I think what a lot of people are missing here is that – in the movie, at least – the musical numbers represent what is going on in Roxie’s head. The Cell Block Tango represents the time while Roxie was getting used to prison, meeting the women around her. Thus, while the imagery of the Hunyak as innocent is frankly very obvious, it only represents what Roxie thought. Katalin could have been the most bloodthirsty killer of them all, but if Roxie thought she was innocent, that’s how she would be portrayed. Still, it doesn’t really matter whether she was really innocent or not; she blatantly represented innocence, and that’s what’s important.

    Reply
    1. Bruno Barradas

      I don’t see the dance routine as being in Roxie’s head. It’s true that Roxie sits down in a chair, right before the dance routine. But you don’t see Velma talking to her, she tells her story to the journalist.
      All their stories are rearsed, they must be telling the same lines from the moment they were put in jail.
      The song are just words, well chosen so that they seem a bit less guilty. But is in the dancing, and all the symbolism around them, there is the truth.
      I really don’t like the idea that’s all in Roxie’s head. Because I can see a lot of truth in the dancing, so it can’t be just an interpretation of Roxie’s head.

      About the rest of the comments, thank you for participating in the discussion, I liked it very mush. I never had a doubt about her innocence, and I think that who does, didn’t understood the movie. Where is the drama if they are all guilty?
      I think all the symbolism is more than enough to “prove” her innocence. Just from her dance, you can see her love for the men. Not a single agressive move. Not like the others. Nothing.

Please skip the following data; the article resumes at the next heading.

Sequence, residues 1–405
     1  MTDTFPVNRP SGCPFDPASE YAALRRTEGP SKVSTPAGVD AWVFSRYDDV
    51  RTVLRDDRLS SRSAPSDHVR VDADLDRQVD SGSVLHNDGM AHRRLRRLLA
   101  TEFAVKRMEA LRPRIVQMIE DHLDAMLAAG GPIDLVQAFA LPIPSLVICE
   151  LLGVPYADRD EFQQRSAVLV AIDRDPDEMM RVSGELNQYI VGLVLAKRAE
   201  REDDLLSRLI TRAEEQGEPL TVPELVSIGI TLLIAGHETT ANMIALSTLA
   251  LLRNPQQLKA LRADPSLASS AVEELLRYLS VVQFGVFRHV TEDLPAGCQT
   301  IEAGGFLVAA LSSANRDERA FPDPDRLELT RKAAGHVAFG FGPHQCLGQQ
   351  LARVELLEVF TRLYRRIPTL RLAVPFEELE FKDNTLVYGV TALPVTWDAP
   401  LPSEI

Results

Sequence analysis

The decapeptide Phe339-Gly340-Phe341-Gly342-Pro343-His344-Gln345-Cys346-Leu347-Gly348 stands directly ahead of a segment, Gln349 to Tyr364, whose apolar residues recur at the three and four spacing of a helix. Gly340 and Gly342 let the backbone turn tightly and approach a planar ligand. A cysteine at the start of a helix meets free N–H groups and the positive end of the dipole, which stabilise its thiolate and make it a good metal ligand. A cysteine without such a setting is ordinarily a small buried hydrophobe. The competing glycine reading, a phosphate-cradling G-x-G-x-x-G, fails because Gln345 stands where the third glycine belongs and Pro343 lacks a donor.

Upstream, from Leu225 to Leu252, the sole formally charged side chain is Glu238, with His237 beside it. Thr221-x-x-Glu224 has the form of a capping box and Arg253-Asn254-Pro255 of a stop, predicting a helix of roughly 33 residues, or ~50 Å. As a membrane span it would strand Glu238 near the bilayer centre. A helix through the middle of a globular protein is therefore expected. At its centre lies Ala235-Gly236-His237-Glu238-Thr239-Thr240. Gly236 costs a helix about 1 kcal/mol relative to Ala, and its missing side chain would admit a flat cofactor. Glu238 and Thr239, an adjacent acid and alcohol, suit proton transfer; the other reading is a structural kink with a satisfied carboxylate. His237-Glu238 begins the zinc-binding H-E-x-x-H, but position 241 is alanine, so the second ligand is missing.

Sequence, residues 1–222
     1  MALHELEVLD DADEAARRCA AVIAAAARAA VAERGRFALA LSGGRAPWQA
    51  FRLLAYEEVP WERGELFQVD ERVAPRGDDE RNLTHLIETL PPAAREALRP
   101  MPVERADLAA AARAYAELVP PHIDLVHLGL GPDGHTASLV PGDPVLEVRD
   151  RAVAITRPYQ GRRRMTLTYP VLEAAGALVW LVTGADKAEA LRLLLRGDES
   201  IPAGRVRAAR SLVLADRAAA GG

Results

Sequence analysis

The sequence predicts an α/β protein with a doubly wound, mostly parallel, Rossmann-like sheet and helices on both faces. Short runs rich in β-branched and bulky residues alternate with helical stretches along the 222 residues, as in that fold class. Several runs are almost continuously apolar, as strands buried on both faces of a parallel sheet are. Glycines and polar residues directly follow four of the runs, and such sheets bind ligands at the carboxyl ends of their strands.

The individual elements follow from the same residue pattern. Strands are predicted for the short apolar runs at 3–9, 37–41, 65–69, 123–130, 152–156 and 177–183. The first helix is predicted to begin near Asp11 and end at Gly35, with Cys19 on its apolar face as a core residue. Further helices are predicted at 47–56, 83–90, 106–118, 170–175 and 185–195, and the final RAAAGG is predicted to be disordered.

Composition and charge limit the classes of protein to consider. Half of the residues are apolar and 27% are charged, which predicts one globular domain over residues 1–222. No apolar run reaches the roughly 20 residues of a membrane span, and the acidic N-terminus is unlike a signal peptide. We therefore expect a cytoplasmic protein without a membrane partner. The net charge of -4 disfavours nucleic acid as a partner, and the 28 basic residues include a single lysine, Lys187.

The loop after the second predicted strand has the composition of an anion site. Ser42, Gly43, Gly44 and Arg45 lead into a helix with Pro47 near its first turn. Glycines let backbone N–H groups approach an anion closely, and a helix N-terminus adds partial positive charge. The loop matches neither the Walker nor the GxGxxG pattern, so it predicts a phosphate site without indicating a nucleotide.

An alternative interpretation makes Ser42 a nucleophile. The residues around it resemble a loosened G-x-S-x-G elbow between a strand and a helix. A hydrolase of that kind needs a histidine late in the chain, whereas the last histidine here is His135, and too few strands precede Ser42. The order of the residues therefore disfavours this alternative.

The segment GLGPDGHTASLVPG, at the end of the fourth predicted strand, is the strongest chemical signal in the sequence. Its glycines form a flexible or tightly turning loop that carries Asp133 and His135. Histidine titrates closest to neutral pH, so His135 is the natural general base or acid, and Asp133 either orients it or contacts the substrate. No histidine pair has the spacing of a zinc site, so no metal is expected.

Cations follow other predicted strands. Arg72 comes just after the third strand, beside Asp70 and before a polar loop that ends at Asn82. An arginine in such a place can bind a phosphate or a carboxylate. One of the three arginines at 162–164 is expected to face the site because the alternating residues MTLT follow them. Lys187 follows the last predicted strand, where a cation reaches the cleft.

Really… When I saw the white handkerchief for the first time, I just thought to myself… Genius. We don’t even have to understand what she says, because we already saw all we need to know, to realize that she’s innocent. The fact is, they most likely chose a foreign character for “the innocent”, so that we don’t ever doubt her innocence while watching the movie. If we understood her words, it would only put a lot of questions and opinios in our heads. I love this character for this reason, she’s not there by chance.

      The thing I love about this movie, is that you only see and ear, what you need, to follow the main story. All characters that are irrelevant, don’t show their face. There allways in the black (except for Lucy Liu lucky husband).

      And you guys talked about the fact that she’s not singing like the others, putting a show like the ones who know Chicago. Well… I really have to see the scene again.
      What I know is that, there’s not a single agressive note, from her speach. We can only feel pain when earing her, even if we do not understand what she’s saying.

      I just love this movie. So mush….

      Reply

Leave a Reply

Your email address will not be published. Required fields are marked *

You may use these HTML tags and attributes: <a href="" title=""> <abbr title=""> <acronym title=""> <b> <blockquote cite=""> <cite> <code> <del datetime=""> <em> <i> <q cite=""> <strike> <strong>